Pepper Spray Used at Travis Scott Concert in Rome Causes Eye and Throat Irritation for Attendees
Approximately 60 people were treated for mild eye and throat irritation after pepper spray was reportedly used at a Travis Scott concert in Rome on Monday night. The incident occurred during the rapper’s debut performance of his chart-topping “Utopia” album, where he was joined on stage by controversial performer Kanye West.
Social media videos from the concert show a group of spectators suddenly moving and taking refuge on a nearby hill. Some climbed over barricades, while others appeared to be crying. Despite the disturbance, the majority of concert-goers seemed unaware, and the performance continued uninterrupted.
The use of pepper spray in Italian crowds is not uncommon, and some incidents have resulted in multiple deaths. In 2018, six people died and hundreds were injured at a rap performance in central Italy after the use of pepper spray resulted in a stampede. Scott’s past performances have also had tragic consequences, most notably in 2021 when 10 people died and hundreds were injured in a crush at a concert at the Astroworld Festival in his hometown of Houston.
In a separate incident on Monday night, a 14-year-old climbed onto a nearby hill to see the concert and fell about 4 meters (around 13 feet). He was taken to a hospital for his injuries.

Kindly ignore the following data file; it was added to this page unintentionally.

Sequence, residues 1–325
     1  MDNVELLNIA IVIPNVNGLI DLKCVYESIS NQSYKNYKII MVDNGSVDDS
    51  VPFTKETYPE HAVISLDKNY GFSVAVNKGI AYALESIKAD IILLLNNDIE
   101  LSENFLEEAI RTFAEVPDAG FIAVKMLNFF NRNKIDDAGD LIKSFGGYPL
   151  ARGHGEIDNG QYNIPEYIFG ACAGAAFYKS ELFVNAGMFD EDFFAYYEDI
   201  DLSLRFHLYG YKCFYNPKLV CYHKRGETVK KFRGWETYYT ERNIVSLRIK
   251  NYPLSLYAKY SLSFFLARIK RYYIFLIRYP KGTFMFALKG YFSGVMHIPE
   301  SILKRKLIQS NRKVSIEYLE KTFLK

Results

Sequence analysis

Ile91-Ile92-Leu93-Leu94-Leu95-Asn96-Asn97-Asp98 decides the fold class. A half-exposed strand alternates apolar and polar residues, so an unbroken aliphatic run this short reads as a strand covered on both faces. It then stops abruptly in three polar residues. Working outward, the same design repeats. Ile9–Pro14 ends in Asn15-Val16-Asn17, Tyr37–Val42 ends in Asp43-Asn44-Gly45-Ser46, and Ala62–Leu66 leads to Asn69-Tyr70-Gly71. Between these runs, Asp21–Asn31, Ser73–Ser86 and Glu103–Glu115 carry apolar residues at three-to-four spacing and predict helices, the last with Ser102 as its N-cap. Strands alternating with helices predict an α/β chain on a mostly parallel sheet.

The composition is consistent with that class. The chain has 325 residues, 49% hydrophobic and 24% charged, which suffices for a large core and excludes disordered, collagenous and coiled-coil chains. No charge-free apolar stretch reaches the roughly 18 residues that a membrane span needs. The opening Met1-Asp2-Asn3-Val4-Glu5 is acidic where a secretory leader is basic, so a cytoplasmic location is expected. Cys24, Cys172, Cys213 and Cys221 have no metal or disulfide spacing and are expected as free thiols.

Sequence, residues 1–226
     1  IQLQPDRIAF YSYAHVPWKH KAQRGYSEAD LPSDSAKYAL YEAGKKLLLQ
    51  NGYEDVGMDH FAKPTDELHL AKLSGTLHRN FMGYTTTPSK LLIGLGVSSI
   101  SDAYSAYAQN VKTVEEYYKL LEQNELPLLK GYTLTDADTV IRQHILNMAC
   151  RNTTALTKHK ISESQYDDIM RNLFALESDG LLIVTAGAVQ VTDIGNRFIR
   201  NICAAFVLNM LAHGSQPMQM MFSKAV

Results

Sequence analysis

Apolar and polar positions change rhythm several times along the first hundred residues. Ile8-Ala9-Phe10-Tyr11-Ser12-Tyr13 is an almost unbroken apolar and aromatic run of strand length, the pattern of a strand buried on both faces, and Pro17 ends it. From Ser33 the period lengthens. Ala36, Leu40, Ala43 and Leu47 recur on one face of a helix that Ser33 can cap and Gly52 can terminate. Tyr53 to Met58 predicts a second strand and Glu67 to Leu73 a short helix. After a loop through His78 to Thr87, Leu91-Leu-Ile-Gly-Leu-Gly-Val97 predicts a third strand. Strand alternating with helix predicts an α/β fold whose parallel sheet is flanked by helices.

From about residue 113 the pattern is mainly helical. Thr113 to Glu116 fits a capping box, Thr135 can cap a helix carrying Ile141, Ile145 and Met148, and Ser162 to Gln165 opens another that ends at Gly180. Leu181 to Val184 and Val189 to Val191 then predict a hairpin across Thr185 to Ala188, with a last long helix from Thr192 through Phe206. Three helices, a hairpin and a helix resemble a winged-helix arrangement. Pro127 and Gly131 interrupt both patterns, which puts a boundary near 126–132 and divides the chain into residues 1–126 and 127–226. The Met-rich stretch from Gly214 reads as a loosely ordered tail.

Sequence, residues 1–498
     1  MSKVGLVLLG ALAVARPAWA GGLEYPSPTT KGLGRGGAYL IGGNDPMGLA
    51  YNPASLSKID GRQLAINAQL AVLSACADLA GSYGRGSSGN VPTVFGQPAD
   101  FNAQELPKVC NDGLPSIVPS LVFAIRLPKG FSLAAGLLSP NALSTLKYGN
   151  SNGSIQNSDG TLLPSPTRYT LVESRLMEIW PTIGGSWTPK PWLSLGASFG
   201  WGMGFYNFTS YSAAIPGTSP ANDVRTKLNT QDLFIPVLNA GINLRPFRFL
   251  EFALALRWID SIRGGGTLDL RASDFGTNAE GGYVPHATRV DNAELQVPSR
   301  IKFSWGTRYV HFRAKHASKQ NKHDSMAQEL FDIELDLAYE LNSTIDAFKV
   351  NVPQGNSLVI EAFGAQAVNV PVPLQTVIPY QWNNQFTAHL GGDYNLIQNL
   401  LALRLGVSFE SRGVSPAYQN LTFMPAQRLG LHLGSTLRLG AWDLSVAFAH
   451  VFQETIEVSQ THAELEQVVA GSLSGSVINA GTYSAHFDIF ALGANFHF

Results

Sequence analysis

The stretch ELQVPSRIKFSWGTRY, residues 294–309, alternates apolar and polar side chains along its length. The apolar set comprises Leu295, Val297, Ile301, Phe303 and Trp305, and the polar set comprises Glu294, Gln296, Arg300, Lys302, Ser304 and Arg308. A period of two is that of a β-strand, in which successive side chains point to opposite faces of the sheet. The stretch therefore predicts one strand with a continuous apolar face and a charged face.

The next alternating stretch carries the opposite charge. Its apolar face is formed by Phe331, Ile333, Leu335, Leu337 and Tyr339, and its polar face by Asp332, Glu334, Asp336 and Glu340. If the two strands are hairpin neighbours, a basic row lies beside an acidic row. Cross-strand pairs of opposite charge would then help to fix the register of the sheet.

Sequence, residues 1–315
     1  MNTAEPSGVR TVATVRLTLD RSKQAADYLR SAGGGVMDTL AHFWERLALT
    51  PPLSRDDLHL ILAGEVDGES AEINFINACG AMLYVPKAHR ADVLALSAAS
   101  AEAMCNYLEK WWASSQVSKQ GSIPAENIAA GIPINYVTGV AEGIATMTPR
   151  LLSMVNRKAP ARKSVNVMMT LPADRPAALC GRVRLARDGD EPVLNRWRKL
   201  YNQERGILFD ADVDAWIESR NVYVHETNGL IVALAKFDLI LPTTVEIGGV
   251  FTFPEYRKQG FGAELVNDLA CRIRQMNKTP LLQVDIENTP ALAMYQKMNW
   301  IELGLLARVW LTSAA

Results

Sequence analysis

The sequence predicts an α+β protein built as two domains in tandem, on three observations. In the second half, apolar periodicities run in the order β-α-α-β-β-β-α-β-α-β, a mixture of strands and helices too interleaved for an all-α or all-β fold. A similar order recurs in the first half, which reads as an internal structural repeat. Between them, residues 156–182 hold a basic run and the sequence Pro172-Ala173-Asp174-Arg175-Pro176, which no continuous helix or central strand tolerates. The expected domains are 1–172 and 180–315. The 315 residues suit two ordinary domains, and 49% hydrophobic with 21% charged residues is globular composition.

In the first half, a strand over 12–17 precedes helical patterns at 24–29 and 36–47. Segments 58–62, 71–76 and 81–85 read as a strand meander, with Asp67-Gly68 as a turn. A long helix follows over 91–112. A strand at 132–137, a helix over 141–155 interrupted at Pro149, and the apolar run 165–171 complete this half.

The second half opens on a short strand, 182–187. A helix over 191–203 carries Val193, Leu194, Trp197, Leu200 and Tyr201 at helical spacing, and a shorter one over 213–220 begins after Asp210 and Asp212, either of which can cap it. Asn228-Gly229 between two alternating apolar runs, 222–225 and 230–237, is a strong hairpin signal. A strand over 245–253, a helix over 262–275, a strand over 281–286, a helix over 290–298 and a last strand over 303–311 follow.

The concert took place at the Circus Maximus, a vast archeological site where ancient Romans held chariot races. The excited spectators’ vigorous jumping during the concert caused the ground to shake, leading Romans living nearby to take to social media to ask if an earthquake was occurring. The Italian National Institute of Geophysics and Vulcanology stated that they received many requests for earthquake information from residents who felt the ground shaking after 9:30 PM.
A seismologist with the Institute, Giovanni Diaferia, noted in a social media post that the impact from the concertgoers’ jumps measured equivalent to a magnitude 1.3 earthquake with each jump. This has sparked criticism from archaeologist Alfonsina Russo, who runs the nearby Archaeological Park of the Coliseum. Russo argued that the use of the Circus Maximus for such an event is inappropriate due to its status as a monument with subterranean galleries and archaeological areas.
Russo stated that she had previously voiced concerns to Rome’s mayor about using the venue for large-scale musical events. She suggested that more appropriate events like opera and ballet should be held there instead. Russo firmly believes that rock concerts should be held in stadiums.
Overall, the incident highlights the potential risks and safety concerns associated with large-scale concerts, particularly in historically sensitive locations like the Circus Maximus. Authorities may need to consider stricter security measures and suitable venues for such events to prevent any further incidents and ensure the safety of concert-goers.